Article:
COLUMBUS -- For any one fired up by the hot pro-union action happening in Wisconsin -- where giant protests led by tractor trailers and shouts for class warfare evolved into a very credible recall threat against a group of GOP state senators -- I recommend a side trip to Ohio as a cool-down exercise.
Ohio, where the political climate is far chillier and more conservative, may prove itself to be the central theater for the showdown between Republicans and labor later this fall. Indeed, what happens in Ohio in the coming months could have far reaching effects and even impact the presidential contest of 2012.
Yesterday, Ohio Gov. John Kasich -- who after just two months in office already had a 28-year record low 40 percent job approval rating -- unveiled his budget plan, which includes slashing public school budgets and selling several state prisons to the private sector. Meanwhile, a coalition of labor unions, community groups, and small student associations held a "Day of Actions" in protest of Senate Bill 5, with activities such as a teachers' rally, picketing on Columbus's Capitol Hill and phonebanking.
The bill, which is backed Kasich and currently making its way through the Ohio House of Representatives, would severely limit collective bargaining power by public-sector employees, including police, firefighters and teachers. Unions would not be able to bargain on pension or health-care plans, yearly step increases would be thrown out in favor of merit raises, and if there were disagreements over contract negotiations, the bill bans strikes, and adds fines for walkouts.
Labor groups and Democrats anticipate the bill's passage through the Republican dominated House -- it passed the Ohio Senate on March 5 -- but plan to fight back by working to put the legislation directly before voters in a special ballot election this fall. Ohio, unlike Wisconsin, lacks a mechanism for recalling elected officials, but it does have a direct means for overturning unpopular legislation: If labor and Democrats are able to secure 200,300 signatures in the coming months, a ballot proposition to vote on overturning Senate Bill 5 will appear before voters come November.
That means Ohio pro-union forces won't need to rely on labor-friendly Democrats to get elected in a special election in order to overturn anti-union legislation -- their plan in Wisconsin, where they are seeking to recall eight GOP senators, elect Democrats in their stead, then repeal the just-passed law stripping public sector unions of most collective bargaining rights in the state. Instead, Ohio union supporters can take on the offending legislation directly themselves.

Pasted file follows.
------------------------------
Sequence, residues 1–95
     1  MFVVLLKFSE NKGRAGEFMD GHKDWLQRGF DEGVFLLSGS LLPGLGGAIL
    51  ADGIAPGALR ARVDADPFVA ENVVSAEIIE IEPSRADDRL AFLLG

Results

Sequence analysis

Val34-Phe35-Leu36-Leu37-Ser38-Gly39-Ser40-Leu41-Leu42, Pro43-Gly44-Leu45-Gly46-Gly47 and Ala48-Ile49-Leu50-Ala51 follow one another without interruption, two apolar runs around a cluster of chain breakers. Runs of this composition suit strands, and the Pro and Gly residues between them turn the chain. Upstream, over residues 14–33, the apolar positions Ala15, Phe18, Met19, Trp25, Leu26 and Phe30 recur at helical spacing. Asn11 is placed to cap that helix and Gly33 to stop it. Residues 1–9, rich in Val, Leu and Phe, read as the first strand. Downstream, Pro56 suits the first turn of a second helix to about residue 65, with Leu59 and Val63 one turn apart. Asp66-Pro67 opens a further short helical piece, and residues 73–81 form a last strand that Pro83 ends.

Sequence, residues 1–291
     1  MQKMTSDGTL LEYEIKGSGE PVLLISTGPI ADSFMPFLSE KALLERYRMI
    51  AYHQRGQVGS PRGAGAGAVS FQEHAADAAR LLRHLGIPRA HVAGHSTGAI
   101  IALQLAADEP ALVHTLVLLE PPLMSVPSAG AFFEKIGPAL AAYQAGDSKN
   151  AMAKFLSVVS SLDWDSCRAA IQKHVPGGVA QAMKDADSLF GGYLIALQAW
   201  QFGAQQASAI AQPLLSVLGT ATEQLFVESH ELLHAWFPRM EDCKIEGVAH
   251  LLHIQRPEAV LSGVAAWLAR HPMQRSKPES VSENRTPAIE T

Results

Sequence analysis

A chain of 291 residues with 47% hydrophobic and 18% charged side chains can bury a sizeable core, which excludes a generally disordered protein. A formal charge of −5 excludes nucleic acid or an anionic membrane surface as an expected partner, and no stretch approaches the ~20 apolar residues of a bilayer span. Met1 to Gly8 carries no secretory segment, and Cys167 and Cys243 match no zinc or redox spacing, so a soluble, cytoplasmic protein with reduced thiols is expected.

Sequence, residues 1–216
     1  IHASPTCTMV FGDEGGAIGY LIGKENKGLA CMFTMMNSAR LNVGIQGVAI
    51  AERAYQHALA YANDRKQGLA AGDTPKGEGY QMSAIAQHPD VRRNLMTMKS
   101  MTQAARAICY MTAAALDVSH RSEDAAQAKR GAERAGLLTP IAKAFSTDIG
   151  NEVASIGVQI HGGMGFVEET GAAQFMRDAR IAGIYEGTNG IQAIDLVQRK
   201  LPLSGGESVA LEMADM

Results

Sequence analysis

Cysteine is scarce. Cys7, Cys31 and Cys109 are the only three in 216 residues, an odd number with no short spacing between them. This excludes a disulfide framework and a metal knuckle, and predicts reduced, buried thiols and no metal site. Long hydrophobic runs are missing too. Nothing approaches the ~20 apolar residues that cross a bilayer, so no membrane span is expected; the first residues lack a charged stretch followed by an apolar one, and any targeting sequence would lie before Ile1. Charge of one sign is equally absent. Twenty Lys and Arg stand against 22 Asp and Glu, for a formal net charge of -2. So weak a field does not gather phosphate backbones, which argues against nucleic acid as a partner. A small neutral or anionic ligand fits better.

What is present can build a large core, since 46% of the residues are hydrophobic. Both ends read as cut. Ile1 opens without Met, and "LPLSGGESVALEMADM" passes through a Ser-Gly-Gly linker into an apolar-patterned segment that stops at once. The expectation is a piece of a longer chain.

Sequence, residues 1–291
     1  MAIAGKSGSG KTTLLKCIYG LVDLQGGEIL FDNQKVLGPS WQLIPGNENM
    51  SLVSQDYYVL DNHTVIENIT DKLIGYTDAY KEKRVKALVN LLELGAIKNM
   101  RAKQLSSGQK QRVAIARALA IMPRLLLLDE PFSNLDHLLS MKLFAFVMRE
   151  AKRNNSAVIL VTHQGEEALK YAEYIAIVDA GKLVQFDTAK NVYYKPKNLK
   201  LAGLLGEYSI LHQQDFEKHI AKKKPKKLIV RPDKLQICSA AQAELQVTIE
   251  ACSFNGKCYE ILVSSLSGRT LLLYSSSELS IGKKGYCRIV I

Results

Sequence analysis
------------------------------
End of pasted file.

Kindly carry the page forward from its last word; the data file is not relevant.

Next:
That's made Ohio Democrats optimistic about their future. "The Republicans have given us a gift," said Seth Bringman, communications director for the Ohio Democratic Party. "They are galvanizing our base with their attacks on working people." There are a lot of rank and file union members who Republicans, one Ohio labor leader told me, who, "if we are able to mount the right campaign, we can get them to break ranks on this issue."
Democrats hope that a voter referendum on Senate Bill 5 will not only bring some Republicans over to their side but also create momentum for Democrats in the state that will carry over to the 2012 general election and help keep Ohio blue for Obama. He beat Arizona Sen. John McCain in the state in 2008, 51 to 47 percent.
One thing's for sure: It will be a hard-fought battle. Should the legislation be subjected to a referendum, labor and Democrats will face well-financed opposition by Republican and business interests, likely led by the Ohio Chamber of Commerce. And while both Democrats and Republicans hope to benefit from that contest, no group has more to lose in this fight than organized labor. If Republicans triumph and Senate Bill 5 is signed into law and then remains in effect, labor will be severely crippled and may never regain its footing in the Buckeye State, or even nationally.
Already, the more than half the nation's 14.7 million union members reside in just six states: California, New York, Illinois, New Jersey, Pennsylvania -- and Ohio. That means the Ohio battle could successfully take out one of the last remaining geographic redoubts of union strength.
Public employee unions are now facing attack in two of the top six union stronghold states -- New Jersey and Ohio -- as well as in less-unionized Indiana, Wisconsin, and Michigan. They also are the lifeblood of today's labor movement.
Public employee unions set the wage and benefit standards in their respective industries. Not only would the passage of anti-collective bargaining legislation in Ohio hobble labor's ability to effectively negotiate contracts for their existing members, it will also make the fight to organize nonunion workers all the more brutal. Pointing to the disparity of wages and benefits between unionized public employees and every one else is one of the few advantages unions have when attempting to organize non-union workers. If unions are unable to collectively bargain over these issues, they also will lose their appeal to current union members. Why pay dues to a union that can't bargain with the boss?
What remains to be seen in Ohio, Wisconsin, and throughout the Midwest where unions are facing similar battles is if we are witnessing the labor movement's revival -- or its last gasp.
Image credit: Matt Sullivan / Reuters
Natasha Vargas-Cooper is the author of Mad Men Unbuttoned: A Romp Through 1960s America. She lives in Woodland Hills, California.